At Home Hip Exercises

By: Laura Lando, DPT

Hey guys, I hope everybody is doing ok at home. I escaped and I’m at the clinic! It feels good to get into a routine. We have the clinic open only to our team so that we can come in to do video sessions or for a workout, one at a time cleaning up after ourselves. Today I wanted to go through my favourite hip strengthening exercises with you. These are fantastic exercises for those of you who are looking to ramp up your spring running routine. They’re also great for women who are pregnant (who have been cleared to exercise). I’ll be demonstrating them so you can see that they’re completely doable, and great for keeping your pelvis and related structures super strong. Without further ado, let’s get started!

The first two exercises I’m going to show you are on the ground – I’ll be using a yoga mat. These are great for building foundational hip strength. I’m a big fan of doing functional exercises where you’re upright as they are more relative to the demands of daily life, but these ground exercises are really important for making sure that you have strength before moving to more difficult ones. We’re going to start with a bridge exercise. You could put a pillow under your back if you felt more comfortable doing so. You’re going to lay back flat, then raise up into a bridge, making sure that you’re not extending through your lower back. You want to be in a fairly neutral position here. Then you’re going to straighten out one leg. You should feel a ton of work in your supporting leg. Try to keep your pelvis level, don’t let one side of your pelvis drop. If this exercise doesn’t feel too bad, you can add a drop and drive on one hip, trying to come back up to the same level each time.

The second exercise you can do on the floor is a side plank. There are lots of variations on the side plank that you can do. We’re going to start with the most basic side plank, then progress to the most difficult. The most basic side plank starts with your knees down. You’re going to come up into just a hold with your knees together and your elbow right under your shoulder. This will require you to have some shoulder strength as well. If that’s not bad, you can lift one knee, keeping your other knee bent. The next mini level would be straightening your leg out. If that’s not bad, kick things up another notch with a little hip drop and a little hip drive. That’s probably my difficulty level right now, but I’ll show you the next level. We’re going to go into a full plank on your side, and then add a leg lift.

Getting up off the ground, our next exercise is a wall squat with a press, also called a fire hydrant. This one is great because all you need is a wall. You’re going to stand on one foot so your outer leg is the one that’s doing the work. The leg you’re standing on is going to push into the wall, so your knee is pushing into the wall. Now, if I had a front angle going at the same time, you could see I’m trying to keep my knee in line with my fourth, fifth toe. It’s not pushed way out and it’s not caving inwards. A good cue is if your big toe is staying in contact with the ground as you do this. Start by pressing your knee into the wall. To be honest that might be just hard enough for some people. If you’re in a little bit of a hinge and you can feel it in your glute, then that’s fine you can hold there. Or, if you want a little more of a challenge, you can take it into a squat. You’re going to squat, and come up. Squat, and come up. I’m trying to maintain a level pelvis as I go down so it’s not sinking.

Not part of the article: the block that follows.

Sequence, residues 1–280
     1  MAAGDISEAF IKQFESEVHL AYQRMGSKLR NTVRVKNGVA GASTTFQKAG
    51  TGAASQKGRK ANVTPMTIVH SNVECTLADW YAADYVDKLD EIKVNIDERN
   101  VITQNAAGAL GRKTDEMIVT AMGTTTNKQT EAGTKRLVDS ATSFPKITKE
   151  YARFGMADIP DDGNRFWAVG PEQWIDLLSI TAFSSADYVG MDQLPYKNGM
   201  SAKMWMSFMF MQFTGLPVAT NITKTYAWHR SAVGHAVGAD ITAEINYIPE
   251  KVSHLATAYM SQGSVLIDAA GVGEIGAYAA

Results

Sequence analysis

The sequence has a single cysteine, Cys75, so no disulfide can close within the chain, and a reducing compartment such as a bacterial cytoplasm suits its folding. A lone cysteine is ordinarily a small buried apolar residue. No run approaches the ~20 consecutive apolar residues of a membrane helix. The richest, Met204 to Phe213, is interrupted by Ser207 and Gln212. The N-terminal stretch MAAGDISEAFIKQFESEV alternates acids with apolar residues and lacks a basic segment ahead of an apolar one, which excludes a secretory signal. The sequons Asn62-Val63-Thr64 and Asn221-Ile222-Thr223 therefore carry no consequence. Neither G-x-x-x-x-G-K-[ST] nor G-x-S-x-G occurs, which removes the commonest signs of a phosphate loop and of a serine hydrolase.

From there I’ll roll right into what’s called a bowler squat or a skater squat. This one will require you to have balance on one leg. If you don’t then you can hold a wall, hold a stick, hold anything stable. You’re going to stand on one leg, reach behind you into a little squat, and drive back up. The leg that’s down is the one that’s really getting the work with this. I like to have my arms going in the pattern of what it would be like if you were running. Remember to switch legs as well

The last one that I’m going to show you is an RDL (Russian Deadlift). We’re going to do it on a single leg with a little kettlebell. It’s important that you’re using good hinge form. You’re going to go into a hinge, just to make sure you have your form right first. From there, you can move to one leg – you have a few variations to choose from here. You could do a single leg RDL with a kickstand on the other side so that you are not feeling unbalanced. Still maintaining a nice hinge in your back. Make sure your breathing pattern is good – inhale down, exhale up. Or you can move on to one leg if your balance is ok, back leg is up. You’re trying to keep your pelvis as square to the ground as possible, so you’re not lifting your top hip in the air. That’s your single leg RDL.

So that gives you five exercises to work on. If you go through those, you do your three sets, eight to twelve reps, add a little load when it’s easy, you should get a good hip workout! Stay safe, stay healthy, and stay at home. We hope to see you either on screen or in person soon. Take care!